Urban Legend: A legacy of coins to discover history anew

Coins minted before roughly BC 100 are engraved with the family coat-of-arms. scripts were developed later and used only at that time.

Numismatics, or the study of coins, seems a fairly bookish hobby. To the dedicated numismatic, however, a single coin can open up a whole new world. Rajender Maru, who comes from a family of numismatists, talks to Darshana Ramdev about a collection that dates back over 2,500 years.

Marudhar Arts is nestled away in a basement on M.G. Road, visible mainly only to those in pursuit of it. The noise from the street is overwhelming at first, but only until Rajender Maru, the renowned numismatist, sends a fistful of coins clattering onto the glass counter. A crudely-hammered, crescent-shaped lump of metal, appears unimpressive until Maru points out that it is 2,600 years old. "This was minted in Afghanistan, back when the Indian subcontinent included Afghanistan, Burma and Bangladesh," he explained. A round, flat silver coin dates back to 1701, property of King William III.

Even the least-enthusiastic observer will give in to a moment of total fascination, a history buff will find great joy. Maru, on the other hand, rattles off dates, the names of dynasties and their rulers and recalls mints without batting an eyelid. For him, a single coin can open the door to a whole, new world. "Serious collectors tend to spend their nights poring over catalogues, the rest of the world forgotten," Maru remarked. "Once you understand their language, there is so much to discover. Coins are the most authentic proof of our history."

Gandharva Janapada, a 2,600-year-old silver coin minted in the region that is now Afghanistan (Photo: Satish B.)Gandharva Janapada, a 2,600-year-old silver coin minted in the region that is now Afghanistan (Photo: Satish B.)

Maru leads the way into a conference room, a seemingly ordinary space save for the books that line an entire wall. "This is my library," he announced, in a moment of great pride. "It's open to everybody." This little library (the books here are only a fraction of his collection, most of which he leaves back home in Bikaner), is the envy of every numismatist - the worth of the rarer editions runs into several lakhs. "I have numismatists and history buffs in here almost everyday. This space belongs to them," he said.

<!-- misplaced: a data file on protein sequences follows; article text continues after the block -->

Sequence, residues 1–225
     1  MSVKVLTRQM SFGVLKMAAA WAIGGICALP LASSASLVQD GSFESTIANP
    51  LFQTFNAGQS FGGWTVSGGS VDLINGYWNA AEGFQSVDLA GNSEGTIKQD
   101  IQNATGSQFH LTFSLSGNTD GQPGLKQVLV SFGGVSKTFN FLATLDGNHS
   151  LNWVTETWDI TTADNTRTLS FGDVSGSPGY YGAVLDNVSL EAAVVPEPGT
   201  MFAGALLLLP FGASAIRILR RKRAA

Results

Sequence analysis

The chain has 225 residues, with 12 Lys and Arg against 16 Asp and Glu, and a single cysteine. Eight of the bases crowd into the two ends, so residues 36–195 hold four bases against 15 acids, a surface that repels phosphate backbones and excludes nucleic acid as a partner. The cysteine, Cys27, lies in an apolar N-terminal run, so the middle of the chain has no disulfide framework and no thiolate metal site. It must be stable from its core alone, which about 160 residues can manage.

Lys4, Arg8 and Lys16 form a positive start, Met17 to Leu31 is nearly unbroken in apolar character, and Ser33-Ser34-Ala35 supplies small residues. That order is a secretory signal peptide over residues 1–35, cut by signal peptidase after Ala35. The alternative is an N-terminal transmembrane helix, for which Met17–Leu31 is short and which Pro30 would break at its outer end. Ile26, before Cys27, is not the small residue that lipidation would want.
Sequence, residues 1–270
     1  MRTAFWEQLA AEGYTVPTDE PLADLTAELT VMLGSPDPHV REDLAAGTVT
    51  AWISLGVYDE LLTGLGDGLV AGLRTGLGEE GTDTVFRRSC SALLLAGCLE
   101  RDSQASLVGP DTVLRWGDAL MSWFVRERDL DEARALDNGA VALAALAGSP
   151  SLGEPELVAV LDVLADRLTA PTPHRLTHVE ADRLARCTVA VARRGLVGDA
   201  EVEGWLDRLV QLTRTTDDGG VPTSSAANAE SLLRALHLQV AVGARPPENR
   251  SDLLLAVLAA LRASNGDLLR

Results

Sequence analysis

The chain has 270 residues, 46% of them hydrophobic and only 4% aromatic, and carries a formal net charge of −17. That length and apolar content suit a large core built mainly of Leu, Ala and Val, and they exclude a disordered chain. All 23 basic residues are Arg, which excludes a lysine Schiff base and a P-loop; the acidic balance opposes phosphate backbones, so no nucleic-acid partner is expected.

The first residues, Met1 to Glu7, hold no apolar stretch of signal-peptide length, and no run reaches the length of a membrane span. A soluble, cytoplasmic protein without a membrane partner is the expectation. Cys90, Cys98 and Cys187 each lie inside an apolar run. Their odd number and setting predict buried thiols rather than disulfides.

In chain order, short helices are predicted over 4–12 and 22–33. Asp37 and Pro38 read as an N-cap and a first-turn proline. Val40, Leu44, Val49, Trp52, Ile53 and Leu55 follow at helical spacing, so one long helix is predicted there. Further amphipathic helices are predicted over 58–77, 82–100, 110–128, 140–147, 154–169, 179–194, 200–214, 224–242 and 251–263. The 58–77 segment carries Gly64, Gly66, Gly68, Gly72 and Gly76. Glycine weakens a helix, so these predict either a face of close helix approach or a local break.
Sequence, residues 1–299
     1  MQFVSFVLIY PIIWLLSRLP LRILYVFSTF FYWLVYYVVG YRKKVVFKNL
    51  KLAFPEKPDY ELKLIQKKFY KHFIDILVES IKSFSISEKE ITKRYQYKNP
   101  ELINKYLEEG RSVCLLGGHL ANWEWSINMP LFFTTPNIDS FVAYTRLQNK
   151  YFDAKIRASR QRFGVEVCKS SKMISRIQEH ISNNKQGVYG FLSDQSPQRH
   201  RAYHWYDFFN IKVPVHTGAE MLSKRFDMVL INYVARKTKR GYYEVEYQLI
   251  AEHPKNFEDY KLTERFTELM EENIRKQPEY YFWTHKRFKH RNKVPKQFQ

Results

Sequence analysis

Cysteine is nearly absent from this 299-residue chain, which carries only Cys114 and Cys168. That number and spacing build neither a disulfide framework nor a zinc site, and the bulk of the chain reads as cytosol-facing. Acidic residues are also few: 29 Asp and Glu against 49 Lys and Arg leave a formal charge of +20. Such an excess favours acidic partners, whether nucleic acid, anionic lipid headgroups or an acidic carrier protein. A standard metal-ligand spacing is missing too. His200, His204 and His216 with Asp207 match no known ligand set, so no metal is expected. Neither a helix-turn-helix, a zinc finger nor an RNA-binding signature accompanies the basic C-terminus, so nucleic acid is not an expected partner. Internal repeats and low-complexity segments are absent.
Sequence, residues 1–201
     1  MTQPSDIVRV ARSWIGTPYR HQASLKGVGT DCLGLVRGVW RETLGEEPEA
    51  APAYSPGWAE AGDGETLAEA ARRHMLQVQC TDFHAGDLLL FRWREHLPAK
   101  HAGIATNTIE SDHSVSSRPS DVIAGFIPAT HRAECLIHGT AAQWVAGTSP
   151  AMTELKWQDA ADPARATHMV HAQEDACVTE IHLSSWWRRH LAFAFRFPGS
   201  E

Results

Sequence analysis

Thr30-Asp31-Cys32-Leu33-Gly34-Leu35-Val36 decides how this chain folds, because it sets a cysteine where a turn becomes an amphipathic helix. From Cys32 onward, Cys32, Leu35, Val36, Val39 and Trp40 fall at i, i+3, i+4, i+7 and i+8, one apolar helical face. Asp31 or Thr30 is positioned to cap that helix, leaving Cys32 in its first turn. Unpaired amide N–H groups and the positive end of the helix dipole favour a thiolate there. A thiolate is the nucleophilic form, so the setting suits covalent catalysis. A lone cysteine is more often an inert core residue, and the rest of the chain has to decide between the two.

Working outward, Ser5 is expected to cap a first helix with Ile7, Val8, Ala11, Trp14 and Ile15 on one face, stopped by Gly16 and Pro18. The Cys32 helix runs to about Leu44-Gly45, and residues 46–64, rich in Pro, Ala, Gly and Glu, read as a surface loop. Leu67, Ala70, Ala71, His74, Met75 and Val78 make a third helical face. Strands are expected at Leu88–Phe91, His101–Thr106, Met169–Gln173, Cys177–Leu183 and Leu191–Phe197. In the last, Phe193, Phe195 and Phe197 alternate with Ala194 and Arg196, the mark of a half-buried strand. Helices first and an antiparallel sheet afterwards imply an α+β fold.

His son darts in and out, catalogues in hand, pausing occasionally beside his father for clarification on a coin. "I come from a family of collectors," Maru pointed out. His wife, Amita, who first kindled Maru's love for numismatics, collected stamps all her life, much like her father-in-law, with whom it all began. "My grandfather was in the army and was deputed to fight in World War Two," said Maru. "He took a bullet, unfortunately and was sent back to the Bikaner regiment, where they appointed him as a peon."

Maru's father was seven-years-old at the time and the unforgiving Bikaner heat didn't leave a child with too many entertainment options. "He went to the post-office," Maru smiled with amusement. There, he was fascinated by the envelopes that had been thrown away, still bearing their stamps. "My grandfather didn't approve of this hobby, so my father would roll the stamps into his sleeves and then hide them away at home."

That marked the start of the family's journey into antiques of all kinds, driven by a love for coins and stamps. How are they valued? "Take Aurangzeb, for instance," Maru responds with an anecdote. "Gold coins were minted in Delhi, Ahmedabad and Surat. They're well-stocked, well-hammered and large. They won't be worth more than Rs 2000 a piece. If you find the same coin with the Machilipatnam printed on it, the price will soar into the range of a couple of lakhs." The word, he said, proves that Aurangzeb had travelled across the country to strike a deal.

The coins are studied in painstaking detail. Those minted before roughly BC 100 are marked by coats of arms and family seals. "As they entered the modern age, rulers began using their own faces, wrote their names and that of the mint and used deities as well," Maru explained. "A single coin can tell you the name of the ruler, what kind of person he was, the fashion of the time and the religious motifs."

Maru's point of reference is the South Asian Coins and Paper Money, Indian Edition, Akbar to date, a large, hard-bound book. "I edited this version," he remarked later. "30 years ago, my father asked a dealer if he could take a look at this book. because he couldn't afford to buy it. He was turned away. I took that badly." Thirty years later, he was called upon to edit it. "I didn't sleep for a year," Maru said. "My fingers were swollen and so painful they had to be bandaged. It's worth it, though. To a serious collector, it’s never too difficult!"

( Source : Deccan Chronicle. )
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